President Reagan once said that “Latinos are Republicans. They just don’t know it yet.” In that spirit, I would argue immigration reform is the conservative thing to do. Conservatives just don’t realize it yet.

One of the audio kiosks is placed just about at the site of the crude barrack that housed my family and me — block 6, barrack 2, unit F. We were little more than numbers to our jailers, each of us given a tag to wear to camp like a piece of luggage. My tag was 12832-C.

I have memories of the nearby drainage ditch where I used to catch pollywogs that sprouted legs and eventually and magically turned into frogs. I remember the barbed wire fence nearby, beyond which lay pools of water with trees reaching out from them. We were in the swamps, you see: fetid, hot, mosquito-laden. We were isolated, far enough away from anywhere anyone would want to live.

Today, I recognize nothing. The swamp has been drained, the trees have all been chopped down. It is now just mile after mile of cotton fields. Everything I remember is gone.

The most moving of the sites is the cemetery. As a child, I never went there, yet that is the only thing that still stands from Rohwer Camp, except for a lone smokestack where the infirmary once operated. The memorial marker is a tall, crumbling concrete obelisk, in tribute to the young men who went from their barbed wire confinement to fight for America, perishing on bloody European battlefields. That day, I stood solemnly with surviving veterans who had served in the segregated all-Japanese American 442nd Regimental Combat Team, the most decorated unit in all the war.

Men’s sports are always treated with higher regard than women’s sports, period. No announcement from a female athlete is going to generate the attention that an announcement from a male athlete does, regardless of what the announcement is. Such a division is clearly seen in men’s NCAA sports versus women’s, let alone in professional sports. (Even in Olympic sports, male sports get more primetime coverage [outside of volleyball, track and gymnastics] and while most can easily cite Usain Bolt as the fastest man in the world, do they know that Shelly-Ann Fraser-Pryce is the fastest woman in the world? They’re both Jamaicans. This gender issue isn’t even accounting for the racist [and sexist] media issues regarding Olympic sports.)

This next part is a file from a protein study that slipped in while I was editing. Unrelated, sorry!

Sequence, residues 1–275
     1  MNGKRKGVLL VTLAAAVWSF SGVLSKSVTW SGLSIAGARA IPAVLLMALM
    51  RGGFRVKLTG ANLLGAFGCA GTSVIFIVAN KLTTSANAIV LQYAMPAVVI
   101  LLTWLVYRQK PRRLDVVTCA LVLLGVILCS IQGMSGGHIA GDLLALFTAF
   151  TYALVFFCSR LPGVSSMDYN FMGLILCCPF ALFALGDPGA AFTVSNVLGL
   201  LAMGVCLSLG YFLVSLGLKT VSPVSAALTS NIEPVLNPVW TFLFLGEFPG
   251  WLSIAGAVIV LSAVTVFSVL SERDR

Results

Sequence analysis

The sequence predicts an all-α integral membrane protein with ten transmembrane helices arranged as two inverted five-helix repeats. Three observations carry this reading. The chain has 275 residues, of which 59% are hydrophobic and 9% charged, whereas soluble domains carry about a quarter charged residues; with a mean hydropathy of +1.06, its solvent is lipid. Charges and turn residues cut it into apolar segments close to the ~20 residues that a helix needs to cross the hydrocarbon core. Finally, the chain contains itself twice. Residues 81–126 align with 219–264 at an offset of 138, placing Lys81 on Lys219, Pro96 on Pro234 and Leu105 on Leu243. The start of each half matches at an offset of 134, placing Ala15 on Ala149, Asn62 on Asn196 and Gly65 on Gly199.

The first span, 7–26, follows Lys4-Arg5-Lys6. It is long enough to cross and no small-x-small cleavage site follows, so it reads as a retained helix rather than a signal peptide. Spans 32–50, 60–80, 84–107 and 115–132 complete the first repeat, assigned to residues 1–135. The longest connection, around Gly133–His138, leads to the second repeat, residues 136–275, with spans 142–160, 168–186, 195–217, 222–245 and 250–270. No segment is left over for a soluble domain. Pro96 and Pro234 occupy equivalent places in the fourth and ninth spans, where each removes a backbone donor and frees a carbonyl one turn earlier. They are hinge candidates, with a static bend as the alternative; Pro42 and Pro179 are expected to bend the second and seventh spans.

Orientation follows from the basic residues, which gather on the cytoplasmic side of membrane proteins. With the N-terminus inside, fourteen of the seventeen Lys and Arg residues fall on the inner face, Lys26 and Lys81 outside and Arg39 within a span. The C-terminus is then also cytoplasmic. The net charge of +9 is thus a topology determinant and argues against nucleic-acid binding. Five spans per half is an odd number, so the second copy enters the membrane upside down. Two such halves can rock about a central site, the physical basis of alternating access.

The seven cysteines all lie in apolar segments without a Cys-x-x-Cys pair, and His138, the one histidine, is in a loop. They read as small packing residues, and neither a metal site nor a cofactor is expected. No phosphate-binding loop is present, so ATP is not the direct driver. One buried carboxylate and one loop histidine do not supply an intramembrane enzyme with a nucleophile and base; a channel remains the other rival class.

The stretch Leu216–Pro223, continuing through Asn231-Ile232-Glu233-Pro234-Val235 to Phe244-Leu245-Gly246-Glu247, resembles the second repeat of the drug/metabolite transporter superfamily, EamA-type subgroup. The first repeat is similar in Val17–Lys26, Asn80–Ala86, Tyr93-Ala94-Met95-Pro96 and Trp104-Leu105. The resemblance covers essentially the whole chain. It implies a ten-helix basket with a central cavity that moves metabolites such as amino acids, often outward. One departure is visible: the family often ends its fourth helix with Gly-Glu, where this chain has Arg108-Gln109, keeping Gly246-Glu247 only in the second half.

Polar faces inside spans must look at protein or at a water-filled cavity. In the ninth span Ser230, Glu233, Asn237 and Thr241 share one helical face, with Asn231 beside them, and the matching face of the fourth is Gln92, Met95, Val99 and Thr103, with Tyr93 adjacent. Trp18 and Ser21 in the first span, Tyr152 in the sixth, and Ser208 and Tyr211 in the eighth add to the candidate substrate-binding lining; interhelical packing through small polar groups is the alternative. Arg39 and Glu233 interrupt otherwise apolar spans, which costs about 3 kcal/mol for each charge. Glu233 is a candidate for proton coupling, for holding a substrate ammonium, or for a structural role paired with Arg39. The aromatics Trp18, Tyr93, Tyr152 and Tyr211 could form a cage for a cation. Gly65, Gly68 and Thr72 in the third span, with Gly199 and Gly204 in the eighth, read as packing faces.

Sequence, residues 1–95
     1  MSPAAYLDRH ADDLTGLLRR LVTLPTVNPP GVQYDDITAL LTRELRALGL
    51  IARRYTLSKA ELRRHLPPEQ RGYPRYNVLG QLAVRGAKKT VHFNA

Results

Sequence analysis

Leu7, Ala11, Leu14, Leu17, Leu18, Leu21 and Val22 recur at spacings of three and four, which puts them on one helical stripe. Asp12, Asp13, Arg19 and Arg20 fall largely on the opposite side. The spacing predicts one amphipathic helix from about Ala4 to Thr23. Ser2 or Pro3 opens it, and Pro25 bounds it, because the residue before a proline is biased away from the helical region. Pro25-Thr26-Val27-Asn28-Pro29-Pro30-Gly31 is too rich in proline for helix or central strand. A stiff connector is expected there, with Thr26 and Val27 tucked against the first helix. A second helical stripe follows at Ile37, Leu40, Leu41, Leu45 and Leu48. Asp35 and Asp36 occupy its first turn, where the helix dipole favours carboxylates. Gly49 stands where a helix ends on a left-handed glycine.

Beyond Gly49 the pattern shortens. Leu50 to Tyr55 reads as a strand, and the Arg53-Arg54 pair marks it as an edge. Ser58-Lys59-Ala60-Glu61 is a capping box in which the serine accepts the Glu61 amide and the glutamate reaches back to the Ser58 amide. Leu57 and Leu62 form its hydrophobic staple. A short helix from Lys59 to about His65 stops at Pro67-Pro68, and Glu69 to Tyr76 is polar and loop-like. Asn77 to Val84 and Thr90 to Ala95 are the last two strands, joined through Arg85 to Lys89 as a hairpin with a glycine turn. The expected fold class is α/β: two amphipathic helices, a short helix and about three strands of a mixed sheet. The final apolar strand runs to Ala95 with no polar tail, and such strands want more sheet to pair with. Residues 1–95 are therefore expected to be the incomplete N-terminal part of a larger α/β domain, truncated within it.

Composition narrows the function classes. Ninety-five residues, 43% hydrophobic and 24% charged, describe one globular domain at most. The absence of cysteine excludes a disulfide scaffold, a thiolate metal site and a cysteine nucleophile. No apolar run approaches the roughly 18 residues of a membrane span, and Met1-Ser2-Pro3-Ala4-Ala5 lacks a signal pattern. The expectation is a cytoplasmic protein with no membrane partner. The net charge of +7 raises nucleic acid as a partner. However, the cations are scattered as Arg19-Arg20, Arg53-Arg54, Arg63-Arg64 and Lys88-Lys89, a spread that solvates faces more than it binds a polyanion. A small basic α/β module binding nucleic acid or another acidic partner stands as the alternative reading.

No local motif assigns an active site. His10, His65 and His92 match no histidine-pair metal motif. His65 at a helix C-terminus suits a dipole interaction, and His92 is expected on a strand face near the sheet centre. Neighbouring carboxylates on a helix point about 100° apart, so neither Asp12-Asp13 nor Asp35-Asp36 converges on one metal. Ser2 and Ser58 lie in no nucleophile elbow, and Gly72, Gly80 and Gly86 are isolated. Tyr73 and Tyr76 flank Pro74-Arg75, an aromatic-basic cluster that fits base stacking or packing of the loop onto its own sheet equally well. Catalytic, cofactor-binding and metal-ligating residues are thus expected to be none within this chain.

Female athletes are always assumed to be lesbians unless the media and public deem that they meet an almost hypersexualized version of femininity to derail such homophobic assumptions for misogynist ones. Further, the sheer act of being physical and competitive (as in sports) are associated with patriarchal notions of gender, so women engaging in sports is often viewed as being “male-like.” (We see the same type of rhetoric regarding women in combat, for example.)

At least 15 members of the Congressional Black Caucus are questioning why the 50,000 diversity visa program was ended in the “gang of eight” immigration reform bill formally introduced yesterday. Many members view the diversity visas as one of the few ways African and Caribbean immigrants can become American citizens.

At their Wednesday, Rep. Yvette Clarke (D-NY) briefed other members of the CBC on diversity visas and the “merit based” point system language in the immigration bill that is said to be a replacement to the diversity visa program. The diversity visa lottery was ended and replaced with a “point system” that evaluates immigrants on a merit based system. Education and ability to speak english, among other things, is used to evaluate an immigrant’s value to the U.S.

One member, Rep. Don Payne, Jr. (D-NJ) said early in the week that he will not vote for an immigration bill without the diversity visa lottery.  ”I’m not voting for it if diversity visas are not in there,” Payne said flatly. “I’ve told my constituents that unless the diversity visa lottery is in the bill that’s where I draw the line.” On March 15, Payne held a conference focusing on the concerns of Liberian immigrants on Capitol Hill.

Payne may not be alone. Rep. Corrine Brown (D-FL) also says she is very unhappy that the diversity visa program was ended in the “gang of eight” bill. Members wondered why a program with 50,000 slots was eliminated when the larger issue is the 11 million people currently living in the U.S. undocumented.